In March 2020, the Centers for Medicare & Medicaid Services finalized the Interoperability and Patient Access final rule, which includes a section that modifies the Medicare Conditions of Participation that introduces patient event notifications.
To comply with the patient event notification CoP, hospitals with an electronic health record are required to send electronic patient event notifications for patient admissions, discharges and transfers to post-acute providers, primary care providers, physicians, suppliers or other practitioners primarily responsible for the patient’s care – such as a dialysis facility or oncologist.
The updated CoP goes into effect May 1, 2021, and hospitals that are not in compliance risk losing future Medicare funding.
“To reduce the burden of fulfilling CMS’s requirements, the CoP explicitly recognizes the ability of a third party, or intermediary, to facilitate the sending of patient event notifications on behalf of hospitals,” said Dr. Jordan Tannenbaum, vice president, CIO and CMIO at Saint Peter’s Healthcare System, based in New Brunswick, New Jersey.
“To comply with CMS’s patient event notification CoP, Saint Peter’s University Hospital needed a third-party solution to notify all required recipients about patient admissions, discharges and transfers, in accordance with the CoP.”
The provider organization turned to vendor CarePort, which helps Saint Peter’s University Hospital comply with CMS’s patient event notification CoP through its newest offering, CarePort Interop.
CarePort offers a national network of providers and established workflows for sharing ADT information in real time. CarePort Interop is designed to be a one-stop shop solution that supports compliance by the May 1, 2021, deadline.
“The hard results will be notifying all required stakeholders – whether post-acute providers, primary care providers, physicians or suppliers – of patient admissions, discharge or transfers.”
Dr. Jordan Tannenbaum, Saint Peter’s Healthcare System
“To comply with CMS’s patient event notification requirements, Saint Peter’s University Hospital must be able to reach all providers mandated within the CoP – including both in-network and out-of-network providers – and CarePort enables Saint Peter’s to do so,” Tannenbaum said.
“Hospitals that rely on their EHR or health information exchange may not achieve full compliance with CMS’s notification requirement.”
CarePort Interop provides a simple set-up process and no onboarding requirements for post-acute providers – ensuring the infrastructure is in place before the CMS deadline, he added.
“The solution is EHR-agnostic, and will integrate into the hospital’s existing workflows, as well as into the hospital’s EHR – which is from Paragon,” he explained. “Saint Peter’s can reduce the operational costs of complying with the new CoP while simultaneously achieving streamlined care coordination.”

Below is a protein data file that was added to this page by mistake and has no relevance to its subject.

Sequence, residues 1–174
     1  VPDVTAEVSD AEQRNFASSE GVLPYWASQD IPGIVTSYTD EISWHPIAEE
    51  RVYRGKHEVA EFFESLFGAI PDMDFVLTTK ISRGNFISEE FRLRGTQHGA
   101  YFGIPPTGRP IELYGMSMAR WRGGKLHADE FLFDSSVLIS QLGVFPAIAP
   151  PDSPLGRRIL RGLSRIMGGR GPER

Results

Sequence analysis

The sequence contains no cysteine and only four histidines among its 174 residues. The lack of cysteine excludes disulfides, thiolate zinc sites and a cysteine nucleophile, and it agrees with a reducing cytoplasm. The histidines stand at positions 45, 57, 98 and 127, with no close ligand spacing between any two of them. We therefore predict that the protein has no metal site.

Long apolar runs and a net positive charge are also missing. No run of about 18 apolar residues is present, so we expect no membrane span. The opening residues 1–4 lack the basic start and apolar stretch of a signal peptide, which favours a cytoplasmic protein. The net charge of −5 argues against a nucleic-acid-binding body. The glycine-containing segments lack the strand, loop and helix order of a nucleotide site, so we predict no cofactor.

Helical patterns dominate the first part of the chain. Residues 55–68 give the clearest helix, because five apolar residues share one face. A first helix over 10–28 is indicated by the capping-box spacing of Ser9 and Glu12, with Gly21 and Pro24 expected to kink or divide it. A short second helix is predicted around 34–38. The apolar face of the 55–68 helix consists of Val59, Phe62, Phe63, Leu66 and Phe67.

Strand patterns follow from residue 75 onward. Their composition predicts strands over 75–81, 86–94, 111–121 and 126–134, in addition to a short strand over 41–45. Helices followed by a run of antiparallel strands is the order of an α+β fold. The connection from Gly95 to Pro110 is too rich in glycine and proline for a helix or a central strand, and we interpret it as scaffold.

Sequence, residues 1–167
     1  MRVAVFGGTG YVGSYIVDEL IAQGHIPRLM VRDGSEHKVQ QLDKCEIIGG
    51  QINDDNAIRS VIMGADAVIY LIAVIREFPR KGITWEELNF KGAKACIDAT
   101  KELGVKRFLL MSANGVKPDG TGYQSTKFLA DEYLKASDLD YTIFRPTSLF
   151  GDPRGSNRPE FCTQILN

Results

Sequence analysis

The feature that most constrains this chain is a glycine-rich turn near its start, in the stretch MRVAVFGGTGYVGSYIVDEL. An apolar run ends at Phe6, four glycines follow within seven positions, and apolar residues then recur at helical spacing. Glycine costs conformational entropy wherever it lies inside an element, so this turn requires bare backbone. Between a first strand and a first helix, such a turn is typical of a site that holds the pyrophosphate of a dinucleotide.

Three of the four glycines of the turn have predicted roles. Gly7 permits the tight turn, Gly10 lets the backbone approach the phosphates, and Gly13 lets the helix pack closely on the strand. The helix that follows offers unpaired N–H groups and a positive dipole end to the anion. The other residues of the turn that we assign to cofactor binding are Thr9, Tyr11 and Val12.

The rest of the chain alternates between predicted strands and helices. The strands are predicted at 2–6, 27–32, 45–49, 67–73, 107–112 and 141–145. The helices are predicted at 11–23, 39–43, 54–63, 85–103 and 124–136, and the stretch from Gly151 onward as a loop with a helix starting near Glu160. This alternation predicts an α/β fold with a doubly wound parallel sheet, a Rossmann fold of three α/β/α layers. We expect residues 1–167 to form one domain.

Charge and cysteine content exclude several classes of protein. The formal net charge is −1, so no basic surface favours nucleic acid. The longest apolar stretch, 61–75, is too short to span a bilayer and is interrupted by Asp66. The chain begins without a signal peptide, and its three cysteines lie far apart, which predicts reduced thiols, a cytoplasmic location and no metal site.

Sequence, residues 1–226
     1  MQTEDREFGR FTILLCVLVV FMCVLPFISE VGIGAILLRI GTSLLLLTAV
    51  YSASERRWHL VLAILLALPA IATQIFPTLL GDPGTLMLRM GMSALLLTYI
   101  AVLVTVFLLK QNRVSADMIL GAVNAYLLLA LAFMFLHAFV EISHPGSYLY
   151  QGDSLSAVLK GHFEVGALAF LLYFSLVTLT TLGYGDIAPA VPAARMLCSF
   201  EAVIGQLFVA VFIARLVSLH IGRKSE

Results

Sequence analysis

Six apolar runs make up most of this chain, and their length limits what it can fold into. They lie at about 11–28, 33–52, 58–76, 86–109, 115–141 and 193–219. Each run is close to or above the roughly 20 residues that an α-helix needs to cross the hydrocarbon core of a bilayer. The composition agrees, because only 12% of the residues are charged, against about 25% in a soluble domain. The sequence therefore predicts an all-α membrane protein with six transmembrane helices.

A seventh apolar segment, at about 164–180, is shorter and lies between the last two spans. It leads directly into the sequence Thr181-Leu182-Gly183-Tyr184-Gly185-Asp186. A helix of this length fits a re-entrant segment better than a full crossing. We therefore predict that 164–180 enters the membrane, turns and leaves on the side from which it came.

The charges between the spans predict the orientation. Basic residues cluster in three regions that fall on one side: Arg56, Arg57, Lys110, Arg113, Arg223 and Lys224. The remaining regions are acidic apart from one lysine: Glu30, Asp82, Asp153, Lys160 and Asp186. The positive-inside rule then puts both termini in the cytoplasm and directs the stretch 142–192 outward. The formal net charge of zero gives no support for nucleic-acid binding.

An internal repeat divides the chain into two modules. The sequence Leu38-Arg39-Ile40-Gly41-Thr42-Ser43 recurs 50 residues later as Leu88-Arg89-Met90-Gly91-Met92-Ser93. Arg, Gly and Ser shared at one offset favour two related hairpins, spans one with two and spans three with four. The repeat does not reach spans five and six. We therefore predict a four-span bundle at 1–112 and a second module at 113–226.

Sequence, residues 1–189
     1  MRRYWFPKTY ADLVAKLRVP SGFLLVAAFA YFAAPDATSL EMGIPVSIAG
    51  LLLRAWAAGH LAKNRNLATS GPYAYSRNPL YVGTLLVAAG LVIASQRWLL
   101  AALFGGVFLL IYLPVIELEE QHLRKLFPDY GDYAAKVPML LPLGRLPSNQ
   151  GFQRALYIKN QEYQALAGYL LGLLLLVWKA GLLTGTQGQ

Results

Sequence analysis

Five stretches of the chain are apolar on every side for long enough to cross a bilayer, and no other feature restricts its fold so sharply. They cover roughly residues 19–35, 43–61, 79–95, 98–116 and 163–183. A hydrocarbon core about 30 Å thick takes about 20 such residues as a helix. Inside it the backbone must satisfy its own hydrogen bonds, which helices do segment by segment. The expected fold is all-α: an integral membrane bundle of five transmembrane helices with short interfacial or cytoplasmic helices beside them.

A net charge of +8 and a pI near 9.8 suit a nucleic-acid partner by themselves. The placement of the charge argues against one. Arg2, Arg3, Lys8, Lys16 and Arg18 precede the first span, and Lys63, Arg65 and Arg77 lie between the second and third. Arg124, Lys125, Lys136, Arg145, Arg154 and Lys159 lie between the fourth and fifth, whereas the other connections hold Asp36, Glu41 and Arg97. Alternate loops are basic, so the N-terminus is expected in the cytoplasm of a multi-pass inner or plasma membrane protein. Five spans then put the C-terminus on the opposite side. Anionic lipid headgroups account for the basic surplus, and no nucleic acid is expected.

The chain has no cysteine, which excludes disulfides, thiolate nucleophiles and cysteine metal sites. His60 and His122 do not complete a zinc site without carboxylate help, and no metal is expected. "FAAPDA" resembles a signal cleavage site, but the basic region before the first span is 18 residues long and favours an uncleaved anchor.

MEETING THE CHALLENGE
CarePort Interop is embedded within Saint Peter’s University Hospital’s EHR and workflows. It will be used by hospital employees who are directly responsible for or involved in a patient’s admission, discharge or transfer – including discharge planners, case managers, or anyone in a care coordination or population health role.
“Saint Peter’s will be able to identify and notify a patient’s established care providers across CarePort’s national network of more than 900,000 physicians and more than 110,000 post-acute providers,” Tannenbaum said.
CarePort Interop was designed to fit into existing workflows, which makes implementation more seamless, and will allow for immediate compliance when CMS’s rule officially goes into effect next month, he added.
The solution has not been deployed yet, only implemented in advance of the May deadline.
“The hard results will be notifying all required stakeholders – whether post-acute providers, primary care providers, physicians or suppliers – of patient admissions, discharge or transfers,” Tannenbaum said.
“Hospitals must make a ‘reasonable effort’ to notify all applicable post-acute care services providers and suppliers, as well as the individual primarily responsible for that patient’s care – whether the patient’s established primary care provider, the patient’s established primary care practice group, or other practitioners responsible for the patient’s care – and the technology will help Saint Peter’s fulfill this requirement,” he said.
ADVICE FOR OTHERS
“Other hospital organizations should do their due diligence to ensure they have a solution in place prior to the May 1, 2021, deadline, that can ensure compliance under CMS’s patient event notification CoP,” Tannenbaum advised.
“There are some misconceptions regarding the CoP and what is required to achieve compliance,” he added. “For example, hospitals may wonder whether the EHR, or participation in an HIE, fulfills the CoP requirements. However, reaching post-acute providers is actually a significant gap for EHRs and can prevent organizations from achieving compliance for this particular requirement, while HIEs cannot ensure compliance if they can only reach providers that subscribe to their alerting service.”